Turning organization values into organization valuables

Values need to be more then words we aspire to…we must live them and hold ourselves (and others) to account…

Much has been written about the downfall of the financial markets and many of the leading institutions who are paying the price for over extending on high-risk portfolios. 

Even those who have survived relatively unscathed, and those who remain propped up by government support, must ask themselves how they plan to deal with the next 12-18 months. 

It seems to me that there are two fundamental learning lessons from these recent times that we need to revisit as part of rebuilding the greater organization culture:

1)  Revisiting what we mean by organization values

This requires an urgent and hard look at what this means in relation to core values such as honesty, transparency, respect, responsibility, duty of care, balancing risk and return, and what are the non-negotiable points and measures. 

Organization values need to be more than empty words on paper.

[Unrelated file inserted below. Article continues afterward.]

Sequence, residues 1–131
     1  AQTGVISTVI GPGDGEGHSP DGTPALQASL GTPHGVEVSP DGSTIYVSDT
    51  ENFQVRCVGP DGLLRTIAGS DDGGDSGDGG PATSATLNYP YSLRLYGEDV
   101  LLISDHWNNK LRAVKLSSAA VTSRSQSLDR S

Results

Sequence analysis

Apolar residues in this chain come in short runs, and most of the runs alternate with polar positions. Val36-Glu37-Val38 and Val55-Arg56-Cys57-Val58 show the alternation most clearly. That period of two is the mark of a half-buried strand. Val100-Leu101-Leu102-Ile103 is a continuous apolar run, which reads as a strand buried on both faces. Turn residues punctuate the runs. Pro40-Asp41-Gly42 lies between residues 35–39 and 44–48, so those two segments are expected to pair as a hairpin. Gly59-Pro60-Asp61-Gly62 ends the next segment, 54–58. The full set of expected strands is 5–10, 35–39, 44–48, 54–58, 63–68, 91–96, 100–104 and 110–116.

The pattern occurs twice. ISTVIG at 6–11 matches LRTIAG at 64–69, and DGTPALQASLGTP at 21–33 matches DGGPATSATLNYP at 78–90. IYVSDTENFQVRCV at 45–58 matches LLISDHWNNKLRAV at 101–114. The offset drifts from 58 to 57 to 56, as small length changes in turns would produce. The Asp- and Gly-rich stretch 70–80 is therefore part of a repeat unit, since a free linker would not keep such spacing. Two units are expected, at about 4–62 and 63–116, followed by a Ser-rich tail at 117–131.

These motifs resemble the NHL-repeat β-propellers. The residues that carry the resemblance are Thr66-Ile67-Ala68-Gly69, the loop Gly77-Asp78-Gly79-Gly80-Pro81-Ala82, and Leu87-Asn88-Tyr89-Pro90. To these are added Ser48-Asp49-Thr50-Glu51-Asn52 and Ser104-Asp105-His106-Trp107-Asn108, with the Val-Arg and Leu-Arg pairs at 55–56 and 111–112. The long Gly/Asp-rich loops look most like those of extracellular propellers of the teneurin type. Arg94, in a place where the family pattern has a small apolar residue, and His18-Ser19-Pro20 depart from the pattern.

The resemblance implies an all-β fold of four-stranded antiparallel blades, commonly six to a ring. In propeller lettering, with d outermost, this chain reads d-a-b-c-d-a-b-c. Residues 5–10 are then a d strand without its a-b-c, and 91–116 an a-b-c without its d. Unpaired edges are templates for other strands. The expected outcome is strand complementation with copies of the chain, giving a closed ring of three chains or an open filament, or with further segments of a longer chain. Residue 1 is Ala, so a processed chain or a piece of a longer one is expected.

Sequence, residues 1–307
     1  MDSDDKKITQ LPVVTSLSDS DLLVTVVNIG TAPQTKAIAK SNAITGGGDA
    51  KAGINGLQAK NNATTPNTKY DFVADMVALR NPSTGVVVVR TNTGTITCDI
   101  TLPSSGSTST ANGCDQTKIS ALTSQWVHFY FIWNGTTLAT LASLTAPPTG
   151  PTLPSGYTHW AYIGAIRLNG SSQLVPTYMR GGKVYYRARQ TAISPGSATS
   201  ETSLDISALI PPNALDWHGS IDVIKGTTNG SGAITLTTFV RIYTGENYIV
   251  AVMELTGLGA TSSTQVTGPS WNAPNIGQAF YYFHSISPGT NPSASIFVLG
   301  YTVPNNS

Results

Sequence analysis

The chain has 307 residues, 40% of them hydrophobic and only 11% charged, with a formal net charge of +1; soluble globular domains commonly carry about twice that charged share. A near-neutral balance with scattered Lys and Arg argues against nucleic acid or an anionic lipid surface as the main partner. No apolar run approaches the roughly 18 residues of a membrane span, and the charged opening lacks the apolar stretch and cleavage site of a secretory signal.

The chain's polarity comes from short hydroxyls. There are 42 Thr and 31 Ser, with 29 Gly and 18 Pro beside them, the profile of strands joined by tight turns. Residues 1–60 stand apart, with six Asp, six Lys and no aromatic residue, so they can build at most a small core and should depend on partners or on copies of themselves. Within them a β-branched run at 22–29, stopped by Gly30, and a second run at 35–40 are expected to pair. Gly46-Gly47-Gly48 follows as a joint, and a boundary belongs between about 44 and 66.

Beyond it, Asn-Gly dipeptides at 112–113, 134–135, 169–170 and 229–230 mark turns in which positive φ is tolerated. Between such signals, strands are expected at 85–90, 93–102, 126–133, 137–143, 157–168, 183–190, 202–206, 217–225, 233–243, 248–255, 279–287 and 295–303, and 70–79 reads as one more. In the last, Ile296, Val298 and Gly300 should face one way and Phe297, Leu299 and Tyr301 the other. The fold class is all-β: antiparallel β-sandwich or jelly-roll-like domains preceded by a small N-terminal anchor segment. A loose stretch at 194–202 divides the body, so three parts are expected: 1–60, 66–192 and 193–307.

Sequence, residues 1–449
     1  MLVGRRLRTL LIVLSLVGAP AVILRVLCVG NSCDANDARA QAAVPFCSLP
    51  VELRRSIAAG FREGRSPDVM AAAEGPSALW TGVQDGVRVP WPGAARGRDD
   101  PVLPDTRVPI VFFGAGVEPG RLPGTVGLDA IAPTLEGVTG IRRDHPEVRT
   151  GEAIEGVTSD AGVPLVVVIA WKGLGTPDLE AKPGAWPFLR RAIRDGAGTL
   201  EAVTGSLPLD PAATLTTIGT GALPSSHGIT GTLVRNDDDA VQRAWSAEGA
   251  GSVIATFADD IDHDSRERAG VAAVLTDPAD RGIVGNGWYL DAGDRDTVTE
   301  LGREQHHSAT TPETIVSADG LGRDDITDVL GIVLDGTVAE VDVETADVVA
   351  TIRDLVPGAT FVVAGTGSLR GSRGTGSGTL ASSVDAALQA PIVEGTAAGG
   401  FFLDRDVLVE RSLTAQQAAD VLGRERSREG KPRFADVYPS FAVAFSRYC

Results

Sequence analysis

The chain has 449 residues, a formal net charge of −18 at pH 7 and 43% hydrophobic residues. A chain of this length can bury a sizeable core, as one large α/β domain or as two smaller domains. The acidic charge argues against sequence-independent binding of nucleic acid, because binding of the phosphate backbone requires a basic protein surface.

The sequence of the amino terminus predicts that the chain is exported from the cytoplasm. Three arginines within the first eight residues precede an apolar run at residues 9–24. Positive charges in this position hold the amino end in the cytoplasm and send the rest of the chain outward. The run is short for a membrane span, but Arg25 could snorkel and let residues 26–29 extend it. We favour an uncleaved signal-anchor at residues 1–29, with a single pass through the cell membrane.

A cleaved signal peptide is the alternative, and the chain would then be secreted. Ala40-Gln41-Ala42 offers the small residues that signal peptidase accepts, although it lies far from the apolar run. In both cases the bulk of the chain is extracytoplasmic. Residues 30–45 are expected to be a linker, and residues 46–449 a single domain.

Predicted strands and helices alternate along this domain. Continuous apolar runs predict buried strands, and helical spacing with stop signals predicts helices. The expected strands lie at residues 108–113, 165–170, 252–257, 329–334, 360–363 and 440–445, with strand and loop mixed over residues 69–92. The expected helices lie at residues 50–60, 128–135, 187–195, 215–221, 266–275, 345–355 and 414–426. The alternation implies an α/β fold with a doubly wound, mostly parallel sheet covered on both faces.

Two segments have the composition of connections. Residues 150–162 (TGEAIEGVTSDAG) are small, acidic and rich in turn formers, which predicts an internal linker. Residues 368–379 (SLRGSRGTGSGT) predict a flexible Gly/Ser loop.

Values must be lived.  They need to move from ticking the box of “we have organization values” and instead move to be seen and be protected as “organization valuables”. 

You know your values are living when:

  • they are discussed regularly in meetings not as a separate topic, but within every topic
  • senior management are being measured and called out if they are not acting in harmony with the values (employees and managers are encouraged to ask and call this out), and 
  •  when every decision is understood and explained in relation to how it represents the business values. 

A good measure would be if every employee understands the decisions being made in relation to where it sits within the balance of investor returns against customer, community and employee responsibilities.

Values need to be shared and explored in every stage of recruitment, decision making, promotions, and in explaining any changes the organization is making.

The other lesson needs to be around industry regulation:

2)  Industry regulation needs to be overhauled

We need to change our model from having those who regulate the industry who previously have mostly been made up of those within the industry, to those representing the greater business, customer, government and investor community.  We need to move from a secular-type model to a representative-democracy of the greater stakeholders.

It is too easy to corrupt decision making when the regulators are also those who are likely to be influenced by the decisions, either positively or negatively.